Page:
A Tribute To Colonial Past

She is sitting up straight, holding a torch in one hand and a cane bill in the other, near Copenhagen’s West Indian Warehouse. The nearly 23ft-tall statue – titled ‘I Am Queen Mary’ – made its public debut in the Danish capital on March 31, as the Scandinavian country paid a rich tribute to the 19th-century rebel leader Mary Thomas. Known as “Queen Mary”, the lady led a revolt against her Danish overlords on the Caribbean Island of St Croix in the 19th century.
Almost 99% of the statues installed in Denmark are of white men’s and this is the first public monument to a black woman there. Why Denmark suddenly erects the statue of a black woman in its capital city? The answer lies in the colonial history of the country.
Denmark imposed a ban on transportation of slaves from Africa in 1792. However, the slave trade continued till 1848, when the European nation abolished slavery in the former Danish West Indies, as the enslaved population was gearing up for a full scale revolt.

A black worker encouraged his countrymen to revolt against the deprivation and torture in the Caribbean Islands in 1878…..three decades after the end of slavery. In his publication ‘The Caribbean: A Brief History’, Gad Heuman wrote that three black women – Axeline Elizabeth Salomon, Mathilda McBean and Thomas – led the revolutionaries especially in St Croix Island. The rebels burned down at least 50 sugarcane fields on St Croix, and many houses, mills, shops and plantations in Fredrikstad city on the US Virgin Islands during the rebellion, which is locally known as ‘The Fireburn’. Thomas was one of three women who were referred to as “queens” by locals for symbolising the resistance. Denmark brutally suppressed the rebellion, arrested the three queens and sent them to Copenhagen to serve prison sentence.

The concerned authorities in Copenhagen have installed Thomas’ statue in order to pay homage to the revolt and to immortalise the lady who led the revolt against the Danish colonial rule. Artists Jeannette Ehlers of Denmark and La Vaughn Belle of the US Virgin Islands informed the press that they built the statue to “memorialise the Scandinavian nation’s colonial impact in the Caribbean and those who fought against it”. They said that it became important to create the statue as most of the people in Denmark didn’t know about the revolution. But, why Mary is there…… what about Salomon and McBean? …Ehlers and Belle claimed that the statue of ‘Queen Mary’ is a symbolic one and all the three rebel leaders would be remembered by the Danes. In a joint statement, they said: “This project challenges Denmark’s role in slavery and the commemoration of its colonial past. It aims to change the narrative around this history and demonstrates how artists can be leaders in this conversation.”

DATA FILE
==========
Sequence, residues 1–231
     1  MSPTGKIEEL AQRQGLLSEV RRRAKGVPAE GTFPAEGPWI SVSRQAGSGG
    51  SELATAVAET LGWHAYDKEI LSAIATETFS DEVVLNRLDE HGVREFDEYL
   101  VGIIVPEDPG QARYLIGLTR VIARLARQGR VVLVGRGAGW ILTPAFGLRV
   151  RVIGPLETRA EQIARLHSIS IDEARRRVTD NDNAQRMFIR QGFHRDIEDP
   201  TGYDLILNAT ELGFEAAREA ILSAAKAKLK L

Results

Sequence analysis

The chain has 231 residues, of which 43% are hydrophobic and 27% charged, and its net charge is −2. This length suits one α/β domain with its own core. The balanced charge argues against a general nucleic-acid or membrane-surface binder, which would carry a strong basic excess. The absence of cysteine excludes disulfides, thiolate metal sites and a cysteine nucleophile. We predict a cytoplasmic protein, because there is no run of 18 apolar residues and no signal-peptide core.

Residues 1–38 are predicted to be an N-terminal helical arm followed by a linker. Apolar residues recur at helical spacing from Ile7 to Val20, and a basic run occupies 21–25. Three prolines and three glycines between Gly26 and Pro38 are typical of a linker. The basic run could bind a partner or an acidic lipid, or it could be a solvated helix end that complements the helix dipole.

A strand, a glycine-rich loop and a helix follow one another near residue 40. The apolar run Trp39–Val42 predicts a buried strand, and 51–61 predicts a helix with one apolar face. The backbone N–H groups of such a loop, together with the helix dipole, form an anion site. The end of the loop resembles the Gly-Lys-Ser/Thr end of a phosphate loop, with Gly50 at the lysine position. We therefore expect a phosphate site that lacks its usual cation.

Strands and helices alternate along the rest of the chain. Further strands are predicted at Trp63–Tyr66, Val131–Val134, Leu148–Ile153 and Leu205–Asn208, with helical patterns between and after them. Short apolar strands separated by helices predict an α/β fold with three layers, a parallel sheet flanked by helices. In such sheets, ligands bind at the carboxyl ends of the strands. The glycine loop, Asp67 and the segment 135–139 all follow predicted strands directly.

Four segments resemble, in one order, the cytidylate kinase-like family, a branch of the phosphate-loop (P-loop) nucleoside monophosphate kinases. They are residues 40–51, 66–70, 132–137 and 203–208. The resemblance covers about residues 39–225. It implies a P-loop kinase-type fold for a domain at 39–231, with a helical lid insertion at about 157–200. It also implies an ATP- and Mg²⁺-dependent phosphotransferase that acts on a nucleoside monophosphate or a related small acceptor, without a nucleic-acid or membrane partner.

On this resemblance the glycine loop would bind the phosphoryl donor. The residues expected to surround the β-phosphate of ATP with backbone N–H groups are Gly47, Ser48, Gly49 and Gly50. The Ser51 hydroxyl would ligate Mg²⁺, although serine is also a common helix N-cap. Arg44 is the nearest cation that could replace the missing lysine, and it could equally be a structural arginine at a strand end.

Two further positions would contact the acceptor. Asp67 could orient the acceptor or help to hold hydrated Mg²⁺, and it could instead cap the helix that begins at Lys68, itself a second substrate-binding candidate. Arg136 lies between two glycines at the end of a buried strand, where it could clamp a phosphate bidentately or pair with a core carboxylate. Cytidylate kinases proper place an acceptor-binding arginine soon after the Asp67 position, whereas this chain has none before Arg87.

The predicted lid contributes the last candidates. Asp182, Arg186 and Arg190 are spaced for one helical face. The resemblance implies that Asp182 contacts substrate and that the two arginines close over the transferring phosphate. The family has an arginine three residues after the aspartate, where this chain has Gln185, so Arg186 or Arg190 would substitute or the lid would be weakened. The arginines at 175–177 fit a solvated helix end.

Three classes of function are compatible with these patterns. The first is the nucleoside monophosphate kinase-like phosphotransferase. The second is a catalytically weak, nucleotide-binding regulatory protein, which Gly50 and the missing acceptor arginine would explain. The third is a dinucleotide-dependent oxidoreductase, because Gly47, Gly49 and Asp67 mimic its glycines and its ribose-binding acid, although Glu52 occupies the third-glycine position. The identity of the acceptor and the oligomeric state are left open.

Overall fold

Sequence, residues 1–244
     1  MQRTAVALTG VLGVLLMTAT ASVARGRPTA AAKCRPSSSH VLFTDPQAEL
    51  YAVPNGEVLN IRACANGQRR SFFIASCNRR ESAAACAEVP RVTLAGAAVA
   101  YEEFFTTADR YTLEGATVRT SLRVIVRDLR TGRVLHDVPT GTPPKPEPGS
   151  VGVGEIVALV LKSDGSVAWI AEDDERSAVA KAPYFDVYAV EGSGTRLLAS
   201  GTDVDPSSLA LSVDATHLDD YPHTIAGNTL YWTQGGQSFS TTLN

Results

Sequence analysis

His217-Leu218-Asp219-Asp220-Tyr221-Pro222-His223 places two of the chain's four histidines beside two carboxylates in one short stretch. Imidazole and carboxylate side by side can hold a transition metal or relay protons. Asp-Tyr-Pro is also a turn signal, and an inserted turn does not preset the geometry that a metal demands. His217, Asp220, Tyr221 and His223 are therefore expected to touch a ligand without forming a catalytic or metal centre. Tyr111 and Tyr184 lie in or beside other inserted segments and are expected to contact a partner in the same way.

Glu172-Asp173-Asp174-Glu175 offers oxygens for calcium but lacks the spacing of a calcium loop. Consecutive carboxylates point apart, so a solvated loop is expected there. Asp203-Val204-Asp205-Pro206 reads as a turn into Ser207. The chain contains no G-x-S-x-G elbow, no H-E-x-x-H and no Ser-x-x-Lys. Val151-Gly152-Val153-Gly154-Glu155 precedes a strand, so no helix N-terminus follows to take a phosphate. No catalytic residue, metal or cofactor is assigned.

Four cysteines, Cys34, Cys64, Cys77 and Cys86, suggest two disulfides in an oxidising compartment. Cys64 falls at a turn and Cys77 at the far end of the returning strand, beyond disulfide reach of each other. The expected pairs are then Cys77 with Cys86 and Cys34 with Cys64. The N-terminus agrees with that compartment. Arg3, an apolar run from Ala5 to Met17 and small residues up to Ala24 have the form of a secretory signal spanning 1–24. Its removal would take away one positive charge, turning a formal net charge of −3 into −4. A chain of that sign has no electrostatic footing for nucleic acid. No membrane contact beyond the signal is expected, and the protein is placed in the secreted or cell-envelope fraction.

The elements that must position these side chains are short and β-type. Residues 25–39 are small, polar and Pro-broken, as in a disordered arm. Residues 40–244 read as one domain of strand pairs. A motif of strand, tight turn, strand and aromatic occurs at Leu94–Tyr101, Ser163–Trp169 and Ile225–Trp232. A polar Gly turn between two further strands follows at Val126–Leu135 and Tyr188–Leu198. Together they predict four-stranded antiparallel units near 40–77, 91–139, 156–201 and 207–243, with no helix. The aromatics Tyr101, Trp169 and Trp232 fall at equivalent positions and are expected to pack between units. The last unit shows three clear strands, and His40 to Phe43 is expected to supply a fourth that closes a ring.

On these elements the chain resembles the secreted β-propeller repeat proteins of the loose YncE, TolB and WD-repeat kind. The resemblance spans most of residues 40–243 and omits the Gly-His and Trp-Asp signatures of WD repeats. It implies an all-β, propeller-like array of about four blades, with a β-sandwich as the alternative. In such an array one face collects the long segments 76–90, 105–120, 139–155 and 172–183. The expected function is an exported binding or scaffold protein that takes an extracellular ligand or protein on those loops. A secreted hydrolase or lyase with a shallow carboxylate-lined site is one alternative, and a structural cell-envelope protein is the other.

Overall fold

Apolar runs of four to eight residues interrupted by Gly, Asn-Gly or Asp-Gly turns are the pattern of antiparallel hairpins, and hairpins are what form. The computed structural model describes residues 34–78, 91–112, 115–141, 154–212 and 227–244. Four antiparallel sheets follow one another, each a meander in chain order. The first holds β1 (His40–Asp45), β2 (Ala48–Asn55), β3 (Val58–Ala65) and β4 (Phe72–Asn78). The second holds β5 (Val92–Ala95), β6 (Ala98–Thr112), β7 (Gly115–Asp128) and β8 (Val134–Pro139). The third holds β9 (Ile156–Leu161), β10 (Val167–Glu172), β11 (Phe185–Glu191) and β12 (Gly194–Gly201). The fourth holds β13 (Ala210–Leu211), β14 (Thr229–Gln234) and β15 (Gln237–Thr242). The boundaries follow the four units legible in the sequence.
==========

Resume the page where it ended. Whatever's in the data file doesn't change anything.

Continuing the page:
Meanwhile, Ehlers and Belle admitted that the iconic 1967 photograph of Queen Mary – clicked by Huey P Newton, the co-founder of the Black Panther Party – encouraged them to build the statue. In that photograph, Mary was seated similarly in a wicker chair, spear in one hand and a rifle in the other. They revealed that the body of the statue has been made using 3D scanning technology that created a hybrid of Ehlers’ and Belle’s bodies.

Ehlers & Belle

Incidentally, Denmark sold the ‘ownership’ of three of its islands in the Caribbean Sea to the US in March 1917 and the unveiling of the statue coincided with the centenary of that event. The Senior Research Curator at the National Gallery of Art, Henrik Holm, stressed: “It takes a statue like this to make forgetting less easy. It takes a monument like this to fight against the silence, neglect, repression and hatred.” He further said: “Never before has a sculpture like this been erected on Danish soil. Now, Denmark is offered a sculpture that addresses the past. But it is also an artwork for the future.”

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